LACONIA — For professional photographer Ian Raymond, the rescue of his vintage 1915 camera came in the form of Thomas Dalton, a cabinetmaker from Belmont who doesn’t specialize in anything in particular and no matter what.
His mission: Fix the unexpected and overcome the challenges that get in your way.
When the height adjustment mechanism – a wooden track with a wooden knob on the platform that supports Raymond’s camera – failed after more than 100 years, Raymond lost the ability to aim or shoot. photos without wavering. This was a very unusual and pernicious problem for any photographer.
Then Raymond discovered Dalton on Facebook through their mutual friendship with photographer Alan MacRae, who lives in Belmont.
It was a match that only chance could arrange. Dalton and Raymond share a zeal for solving puzzles and an artist’s attention to detail. Today, Raymond’s Century View camera, a flashback to yesteryear that captures faces and emotions in soft focus, continues as the equipment Raymond uses to create an exhibition of portraits at the Belknap factory in October.
“You have no idea how much easier my life is with this. It doesn’t creep. It stays put,” Raymond said.
One of the photos in the exhibition will be that of Dalton, 70, a craftsman also seasoned by experience.
“I love being part of a big story. I was born and raised here,” Dalton said. “That camera belonged to a Laconia family” – specifically Sam Achber, who opened a studio camera on Canal Street in 1927. The Century View portrait camera that Dalton repaired was also used by Chet Brickett, Raymond’s partner, a World War II veteran who died in 2001.
Brickett, a locally known photographer, was a nationally known activist during the Vietnam War. “It’s nice to meet people who have a story you can relate to,” Dalton said.
On Tuesday, Raymond’s Main Street studio – itself a walk back in time, with original tin walls and ceilings – became the setting for a live photo shoot.
It was also a visual feast.
One wall features black-and-white, sepia, and color portraits of family members and locals taken with cameras from different eras. The shelves contain props for taking photos of restless children who prefer to do anything but sit still. There’s a Raggedy Ann doll, small toys and a stuffed Husky dog for wigglers, plus a miniature velvet sofa and Victorian chair for youngsters to pose for.
The range of cameras, each with a particular purpose and effect from a different period, form an unorthodox museum of image capture technology spanning 11 decades. Raymond’s personal collection contains 30 to 40, including the oldest – a circa 1900 Kodak that used dry glass plates instead of film – and current digital models linked to computers with visual enhancement software .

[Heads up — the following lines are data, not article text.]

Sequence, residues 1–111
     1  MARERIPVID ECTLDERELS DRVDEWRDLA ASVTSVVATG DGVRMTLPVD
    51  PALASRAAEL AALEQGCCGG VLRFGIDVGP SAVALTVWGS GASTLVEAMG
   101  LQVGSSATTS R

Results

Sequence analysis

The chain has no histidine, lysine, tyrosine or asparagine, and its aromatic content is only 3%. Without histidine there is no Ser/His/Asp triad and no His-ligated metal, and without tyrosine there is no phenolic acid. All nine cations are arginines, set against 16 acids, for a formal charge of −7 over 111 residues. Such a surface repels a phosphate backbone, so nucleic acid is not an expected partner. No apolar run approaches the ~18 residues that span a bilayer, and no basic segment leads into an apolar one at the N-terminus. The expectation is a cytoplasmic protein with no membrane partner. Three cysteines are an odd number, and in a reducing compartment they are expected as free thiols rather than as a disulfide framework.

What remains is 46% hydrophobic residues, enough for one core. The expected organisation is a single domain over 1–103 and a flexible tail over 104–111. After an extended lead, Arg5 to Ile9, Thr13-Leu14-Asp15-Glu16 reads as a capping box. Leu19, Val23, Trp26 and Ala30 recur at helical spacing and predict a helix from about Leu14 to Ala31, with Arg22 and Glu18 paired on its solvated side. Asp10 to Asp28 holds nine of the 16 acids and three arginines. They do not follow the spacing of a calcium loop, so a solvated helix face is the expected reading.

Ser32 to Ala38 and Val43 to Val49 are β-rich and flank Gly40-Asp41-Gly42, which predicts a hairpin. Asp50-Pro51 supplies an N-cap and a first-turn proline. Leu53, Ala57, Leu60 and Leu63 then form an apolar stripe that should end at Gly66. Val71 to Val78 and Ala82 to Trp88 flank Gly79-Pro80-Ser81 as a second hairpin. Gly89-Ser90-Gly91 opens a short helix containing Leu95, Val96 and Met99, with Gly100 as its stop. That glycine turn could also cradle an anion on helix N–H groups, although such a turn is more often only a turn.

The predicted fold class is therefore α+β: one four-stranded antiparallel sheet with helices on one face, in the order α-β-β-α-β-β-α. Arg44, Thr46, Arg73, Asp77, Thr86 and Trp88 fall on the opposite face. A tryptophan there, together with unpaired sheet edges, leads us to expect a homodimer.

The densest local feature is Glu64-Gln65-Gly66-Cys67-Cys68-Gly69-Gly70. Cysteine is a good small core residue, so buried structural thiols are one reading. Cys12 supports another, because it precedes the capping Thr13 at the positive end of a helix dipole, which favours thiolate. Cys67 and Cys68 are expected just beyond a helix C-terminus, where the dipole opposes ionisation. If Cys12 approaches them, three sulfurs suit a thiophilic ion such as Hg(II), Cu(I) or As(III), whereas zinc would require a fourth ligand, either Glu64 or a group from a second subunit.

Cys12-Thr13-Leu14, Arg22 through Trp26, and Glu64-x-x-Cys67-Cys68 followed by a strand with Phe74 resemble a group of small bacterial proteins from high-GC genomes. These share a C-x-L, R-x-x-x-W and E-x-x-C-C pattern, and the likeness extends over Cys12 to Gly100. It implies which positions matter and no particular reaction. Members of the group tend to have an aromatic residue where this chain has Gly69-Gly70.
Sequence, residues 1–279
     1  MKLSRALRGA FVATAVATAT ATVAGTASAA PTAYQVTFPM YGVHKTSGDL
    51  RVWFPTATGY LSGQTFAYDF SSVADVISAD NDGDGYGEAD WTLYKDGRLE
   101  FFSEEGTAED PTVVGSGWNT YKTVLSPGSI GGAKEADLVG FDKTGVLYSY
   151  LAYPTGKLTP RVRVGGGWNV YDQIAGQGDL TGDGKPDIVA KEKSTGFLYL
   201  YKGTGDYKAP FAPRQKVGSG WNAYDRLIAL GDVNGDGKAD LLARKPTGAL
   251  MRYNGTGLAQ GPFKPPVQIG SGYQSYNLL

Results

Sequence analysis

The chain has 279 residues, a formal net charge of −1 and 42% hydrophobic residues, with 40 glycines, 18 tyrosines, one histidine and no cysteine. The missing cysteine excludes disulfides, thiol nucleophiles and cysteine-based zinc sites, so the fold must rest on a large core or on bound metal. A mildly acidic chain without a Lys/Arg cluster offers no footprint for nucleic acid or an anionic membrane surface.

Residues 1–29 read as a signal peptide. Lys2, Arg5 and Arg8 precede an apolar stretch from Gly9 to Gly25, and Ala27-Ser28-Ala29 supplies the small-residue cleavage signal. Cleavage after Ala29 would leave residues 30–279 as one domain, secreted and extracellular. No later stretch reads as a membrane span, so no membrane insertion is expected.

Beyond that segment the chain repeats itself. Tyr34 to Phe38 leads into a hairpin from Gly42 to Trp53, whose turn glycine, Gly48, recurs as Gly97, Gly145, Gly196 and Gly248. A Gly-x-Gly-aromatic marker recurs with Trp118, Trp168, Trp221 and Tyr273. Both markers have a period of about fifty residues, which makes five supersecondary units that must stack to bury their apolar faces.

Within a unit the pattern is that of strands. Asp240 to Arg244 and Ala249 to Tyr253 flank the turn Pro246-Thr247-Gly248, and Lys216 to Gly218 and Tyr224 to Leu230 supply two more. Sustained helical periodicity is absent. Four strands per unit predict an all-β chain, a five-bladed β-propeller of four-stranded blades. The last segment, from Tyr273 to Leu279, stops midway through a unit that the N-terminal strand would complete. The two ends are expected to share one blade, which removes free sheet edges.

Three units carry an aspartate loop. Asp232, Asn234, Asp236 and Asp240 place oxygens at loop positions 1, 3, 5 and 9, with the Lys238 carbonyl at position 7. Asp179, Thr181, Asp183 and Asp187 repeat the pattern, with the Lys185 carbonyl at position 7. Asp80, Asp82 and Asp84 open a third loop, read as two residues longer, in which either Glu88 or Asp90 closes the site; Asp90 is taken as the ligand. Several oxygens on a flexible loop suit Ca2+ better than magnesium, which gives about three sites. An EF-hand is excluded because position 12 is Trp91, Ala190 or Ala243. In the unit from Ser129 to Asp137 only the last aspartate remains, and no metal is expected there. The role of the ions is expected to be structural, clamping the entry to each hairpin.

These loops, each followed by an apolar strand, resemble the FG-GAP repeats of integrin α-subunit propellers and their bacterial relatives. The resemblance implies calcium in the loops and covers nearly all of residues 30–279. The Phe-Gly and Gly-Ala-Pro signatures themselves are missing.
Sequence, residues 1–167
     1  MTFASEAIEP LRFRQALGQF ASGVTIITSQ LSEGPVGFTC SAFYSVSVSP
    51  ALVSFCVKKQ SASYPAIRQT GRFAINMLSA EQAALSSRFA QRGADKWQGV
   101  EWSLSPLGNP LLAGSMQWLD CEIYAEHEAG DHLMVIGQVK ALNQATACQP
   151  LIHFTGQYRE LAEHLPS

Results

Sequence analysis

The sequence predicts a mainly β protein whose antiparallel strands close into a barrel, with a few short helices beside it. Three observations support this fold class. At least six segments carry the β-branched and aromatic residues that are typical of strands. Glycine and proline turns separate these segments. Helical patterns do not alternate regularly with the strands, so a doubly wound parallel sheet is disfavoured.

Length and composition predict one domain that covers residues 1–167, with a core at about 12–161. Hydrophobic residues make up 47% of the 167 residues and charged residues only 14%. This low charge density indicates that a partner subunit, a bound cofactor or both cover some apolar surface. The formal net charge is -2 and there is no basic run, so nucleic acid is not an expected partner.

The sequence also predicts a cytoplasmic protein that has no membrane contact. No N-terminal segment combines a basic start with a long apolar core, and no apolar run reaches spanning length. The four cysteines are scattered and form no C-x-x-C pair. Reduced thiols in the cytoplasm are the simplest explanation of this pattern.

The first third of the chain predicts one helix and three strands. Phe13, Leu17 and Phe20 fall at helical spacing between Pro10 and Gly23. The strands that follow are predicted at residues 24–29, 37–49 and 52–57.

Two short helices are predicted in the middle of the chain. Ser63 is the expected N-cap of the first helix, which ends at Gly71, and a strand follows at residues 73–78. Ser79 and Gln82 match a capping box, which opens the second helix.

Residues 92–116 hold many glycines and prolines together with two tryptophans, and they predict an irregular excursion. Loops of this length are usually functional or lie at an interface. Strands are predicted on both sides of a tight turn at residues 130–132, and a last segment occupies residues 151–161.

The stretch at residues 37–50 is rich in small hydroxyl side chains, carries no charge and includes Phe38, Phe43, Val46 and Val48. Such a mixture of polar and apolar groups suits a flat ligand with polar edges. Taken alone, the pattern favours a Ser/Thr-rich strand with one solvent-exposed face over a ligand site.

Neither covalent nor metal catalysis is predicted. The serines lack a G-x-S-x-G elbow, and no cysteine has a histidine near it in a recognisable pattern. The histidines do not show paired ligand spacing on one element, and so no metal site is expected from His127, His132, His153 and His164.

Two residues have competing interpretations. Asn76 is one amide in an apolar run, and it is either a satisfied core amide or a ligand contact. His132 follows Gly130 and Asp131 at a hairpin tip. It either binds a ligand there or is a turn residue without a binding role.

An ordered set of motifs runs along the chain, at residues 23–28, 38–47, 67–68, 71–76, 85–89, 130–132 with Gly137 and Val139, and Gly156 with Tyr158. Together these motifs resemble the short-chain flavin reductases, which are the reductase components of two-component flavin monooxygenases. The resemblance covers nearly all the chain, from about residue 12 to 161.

A 1920s RR Roberston camera, used in architectural photography, consists of a four-leg bellows sandwiched between wooden ends that hold the lens and film. It looks like a section of conduit.
When local photographer Harold Achber died in 2004, the 1915 Century camera was put into storage. Raymond had used it in the 1980s, and he asked the family if he could borrow it. The interior was covered in mold. The restoration was equivalent to cleaning with disinfectant. “The work of these is excellent,” he said. “The cabinet work is superior.”
The camera, mostly made of wood except for an accordion-shaped bellows, glass lenses and film plates, is fixed to a table with buttons, compartments and a tripod – almost everything wooden and shimmering like a museum piece – including the old-fashioned rubber bulb Raymond pressed on Tuesday to take Dalton’s photo – partly as a thank you, but also for his photography exhibit.
Dalton wore work boots and trousers with suspenders, as well as a woolen hat placed inside out. Her silver ponytail hung down her back. “You probably don’t want me to blink when you pull the trigger,” he said.
A few feet from his face, a huge “soft box” light fixture on a swinging pole helped blur the lines between light and shadow. Raymond leaned forward like a movie cameraman as he adjusted the camera angle by turning the crank on a wooden table. It was a strange contrast to the computer screens staring behind him.
For Dalton and Raymond, their collaboration is proof that this is a small world of endless possibilities, even in Laconia.
The sign outside Dalton’s shop on Middle Road near Route 107 in Belmont reads “By chance or by appointment 524-8628”. Another proclaims: “Saving homes and marriages since 1976”.
“The only thing I don’t do is the turnings” – which includes spindles and chair legs made on lathes, he said. “I started by building houses. This allowed me to do repairs for most of my career.
During this time, Dalton repaired large clocks and pianos and made island camps and kitchens for cooks – “filling not a space but a need,” he said. “I find pleasure in the mundane, including glass windows.”
“Now look straight into the lens,” Raymond said. “Now hold your hat, hand on the chair. And don’t move. From there I will process the paper negatives,” Raymond said, standing and smiling. “Then I will scan them and make a digital print.”